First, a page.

History of Nuclear Chemistry
The history of Nuclear chemistry dates back to 1895, with the discovery of X- rays by William Roentgen. In early 1896, Henri Becquerel was carrying out a series of experiments on fluorescence. He had used photographic film between two pieces of paper.
When he developed the photographic film, he found that it had the same appearance as if it had been exposed to light. And after this, by accident, he developed the photographic plates, which was kept in the same drawer as Uranium. To his surprise, the plate had been blackened. He thought that it was a new type of fluorescence. But, actually, he had come across a phenomenon of radioactivity. So, accidentally, radioactivity was discovered by Henri Becquerel.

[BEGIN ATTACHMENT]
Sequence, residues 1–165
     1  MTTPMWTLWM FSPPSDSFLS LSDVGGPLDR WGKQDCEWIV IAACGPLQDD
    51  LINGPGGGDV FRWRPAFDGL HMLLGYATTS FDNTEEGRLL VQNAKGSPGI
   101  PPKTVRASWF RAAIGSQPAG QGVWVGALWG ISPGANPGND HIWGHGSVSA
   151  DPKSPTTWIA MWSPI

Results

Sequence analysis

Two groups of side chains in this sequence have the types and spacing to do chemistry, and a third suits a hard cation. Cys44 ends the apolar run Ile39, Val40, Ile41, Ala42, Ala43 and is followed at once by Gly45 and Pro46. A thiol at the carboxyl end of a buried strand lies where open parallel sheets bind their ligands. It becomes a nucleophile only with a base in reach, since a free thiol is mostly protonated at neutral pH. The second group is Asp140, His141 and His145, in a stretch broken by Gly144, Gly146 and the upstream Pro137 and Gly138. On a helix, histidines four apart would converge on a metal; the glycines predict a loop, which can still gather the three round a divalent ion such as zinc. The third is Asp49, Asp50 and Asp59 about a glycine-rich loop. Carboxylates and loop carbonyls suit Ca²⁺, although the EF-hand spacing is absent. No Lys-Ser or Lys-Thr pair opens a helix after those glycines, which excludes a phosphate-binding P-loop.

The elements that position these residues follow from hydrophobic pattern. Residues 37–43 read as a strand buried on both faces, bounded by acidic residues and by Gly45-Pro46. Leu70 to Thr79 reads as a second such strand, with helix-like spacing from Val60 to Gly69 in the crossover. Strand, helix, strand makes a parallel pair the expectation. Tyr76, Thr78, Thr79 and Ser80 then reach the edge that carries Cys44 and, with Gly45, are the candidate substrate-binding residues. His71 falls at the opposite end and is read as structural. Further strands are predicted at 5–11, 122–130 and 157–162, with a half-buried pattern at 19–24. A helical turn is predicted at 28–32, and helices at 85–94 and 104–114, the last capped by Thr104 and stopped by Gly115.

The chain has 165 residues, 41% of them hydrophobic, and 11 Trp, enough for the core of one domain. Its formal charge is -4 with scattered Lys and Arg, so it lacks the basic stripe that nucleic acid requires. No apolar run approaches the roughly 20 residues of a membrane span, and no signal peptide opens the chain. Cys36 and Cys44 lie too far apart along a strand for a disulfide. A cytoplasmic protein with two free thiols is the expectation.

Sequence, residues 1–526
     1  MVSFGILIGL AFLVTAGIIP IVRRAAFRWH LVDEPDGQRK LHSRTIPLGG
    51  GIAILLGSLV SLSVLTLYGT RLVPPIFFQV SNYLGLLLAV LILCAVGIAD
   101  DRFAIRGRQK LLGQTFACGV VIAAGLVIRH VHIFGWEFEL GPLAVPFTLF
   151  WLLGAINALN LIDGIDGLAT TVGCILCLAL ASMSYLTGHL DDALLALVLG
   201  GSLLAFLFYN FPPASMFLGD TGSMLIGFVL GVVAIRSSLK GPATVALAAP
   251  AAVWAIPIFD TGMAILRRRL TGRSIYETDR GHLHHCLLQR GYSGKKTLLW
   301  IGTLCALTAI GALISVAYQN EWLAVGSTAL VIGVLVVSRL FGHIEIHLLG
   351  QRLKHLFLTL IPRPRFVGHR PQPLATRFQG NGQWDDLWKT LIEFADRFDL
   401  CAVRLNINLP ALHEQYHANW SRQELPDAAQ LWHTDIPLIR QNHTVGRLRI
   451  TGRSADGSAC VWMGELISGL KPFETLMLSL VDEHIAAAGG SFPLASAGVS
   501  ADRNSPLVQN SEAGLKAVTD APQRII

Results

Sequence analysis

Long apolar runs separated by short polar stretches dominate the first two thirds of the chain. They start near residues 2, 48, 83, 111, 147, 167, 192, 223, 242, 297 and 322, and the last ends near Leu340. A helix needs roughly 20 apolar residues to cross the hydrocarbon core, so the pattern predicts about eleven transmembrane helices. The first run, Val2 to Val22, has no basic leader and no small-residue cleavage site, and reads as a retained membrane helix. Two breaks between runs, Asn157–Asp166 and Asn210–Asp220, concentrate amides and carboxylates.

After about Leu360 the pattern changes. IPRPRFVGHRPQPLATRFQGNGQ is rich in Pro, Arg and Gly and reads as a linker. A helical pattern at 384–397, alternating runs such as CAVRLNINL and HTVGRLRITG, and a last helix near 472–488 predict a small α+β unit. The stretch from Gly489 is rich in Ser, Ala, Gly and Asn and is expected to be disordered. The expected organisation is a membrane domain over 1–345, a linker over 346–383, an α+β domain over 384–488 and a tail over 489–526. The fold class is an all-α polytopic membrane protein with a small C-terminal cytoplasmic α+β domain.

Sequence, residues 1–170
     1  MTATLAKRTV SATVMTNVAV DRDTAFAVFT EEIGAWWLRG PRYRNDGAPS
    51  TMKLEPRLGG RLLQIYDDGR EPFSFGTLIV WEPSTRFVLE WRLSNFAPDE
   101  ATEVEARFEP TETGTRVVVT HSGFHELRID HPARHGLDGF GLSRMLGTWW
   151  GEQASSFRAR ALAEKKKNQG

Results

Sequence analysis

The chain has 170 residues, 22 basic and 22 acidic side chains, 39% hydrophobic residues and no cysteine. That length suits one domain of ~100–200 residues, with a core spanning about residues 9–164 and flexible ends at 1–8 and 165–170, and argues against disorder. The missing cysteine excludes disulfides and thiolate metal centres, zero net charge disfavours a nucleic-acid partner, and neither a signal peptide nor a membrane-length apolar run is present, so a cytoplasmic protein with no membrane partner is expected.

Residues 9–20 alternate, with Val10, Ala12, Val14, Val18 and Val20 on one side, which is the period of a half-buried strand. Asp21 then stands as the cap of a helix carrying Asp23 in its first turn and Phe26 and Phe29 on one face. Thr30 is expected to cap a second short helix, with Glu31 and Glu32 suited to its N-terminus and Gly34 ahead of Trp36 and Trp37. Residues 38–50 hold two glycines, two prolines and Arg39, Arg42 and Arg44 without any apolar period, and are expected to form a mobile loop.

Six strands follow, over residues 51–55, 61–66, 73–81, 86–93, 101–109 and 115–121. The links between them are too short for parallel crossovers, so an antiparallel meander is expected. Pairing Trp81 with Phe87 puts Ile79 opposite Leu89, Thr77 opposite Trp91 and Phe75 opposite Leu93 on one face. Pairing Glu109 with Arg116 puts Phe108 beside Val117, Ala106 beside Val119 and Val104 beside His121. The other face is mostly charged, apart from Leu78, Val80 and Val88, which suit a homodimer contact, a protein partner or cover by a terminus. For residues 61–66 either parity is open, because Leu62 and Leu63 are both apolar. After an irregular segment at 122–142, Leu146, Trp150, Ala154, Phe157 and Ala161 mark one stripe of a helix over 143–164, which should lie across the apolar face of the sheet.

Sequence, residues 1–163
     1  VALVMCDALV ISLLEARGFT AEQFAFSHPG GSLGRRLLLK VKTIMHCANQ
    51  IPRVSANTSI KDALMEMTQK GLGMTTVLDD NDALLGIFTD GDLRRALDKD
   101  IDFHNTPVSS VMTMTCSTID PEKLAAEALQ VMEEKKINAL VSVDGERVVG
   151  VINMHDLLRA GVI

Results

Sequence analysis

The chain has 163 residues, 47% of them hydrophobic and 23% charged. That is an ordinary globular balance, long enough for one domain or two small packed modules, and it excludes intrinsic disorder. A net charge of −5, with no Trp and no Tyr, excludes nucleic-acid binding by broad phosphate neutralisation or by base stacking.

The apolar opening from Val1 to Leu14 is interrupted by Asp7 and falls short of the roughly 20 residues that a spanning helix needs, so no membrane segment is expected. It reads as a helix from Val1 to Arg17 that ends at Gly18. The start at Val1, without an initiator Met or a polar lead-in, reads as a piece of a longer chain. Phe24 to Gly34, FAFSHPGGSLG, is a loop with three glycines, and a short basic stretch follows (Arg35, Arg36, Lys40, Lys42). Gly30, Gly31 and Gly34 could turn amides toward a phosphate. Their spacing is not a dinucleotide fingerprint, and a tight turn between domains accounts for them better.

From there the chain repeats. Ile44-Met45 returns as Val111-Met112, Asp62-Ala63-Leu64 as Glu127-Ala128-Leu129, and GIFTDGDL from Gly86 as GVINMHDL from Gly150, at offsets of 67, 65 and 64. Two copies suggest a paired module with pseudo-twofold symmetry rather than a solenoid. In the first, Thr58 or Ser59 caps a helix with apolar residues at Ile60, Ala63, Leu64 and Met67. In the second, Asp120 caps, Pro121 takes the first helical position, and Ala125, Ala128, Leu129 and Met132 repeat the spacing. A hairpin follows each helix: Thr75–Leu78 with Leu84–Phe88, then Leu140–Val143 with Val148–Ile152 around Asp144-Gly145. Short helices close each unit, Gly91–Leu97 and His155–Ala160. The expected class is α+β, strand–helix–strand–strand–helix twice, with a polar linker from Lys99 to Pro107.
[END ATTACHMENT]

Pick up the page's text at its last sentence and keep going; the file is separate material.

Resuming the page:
The name radioactivity, was coined some time later by Marie Curie. She won the Nobel prize for her discovery in 1903 with Henri Becquerel and Pierre Curie. Thereby evolved the branch of chemistry called Nuclear chemistry.
The discovery of radioactivity also brought into account many other processes, such as fission and fusion, which again were used as a source of energy in many reactors. And also, with the discovery of radioactivity and other phenomenon related to radioactive elements, many new elements were brought into light.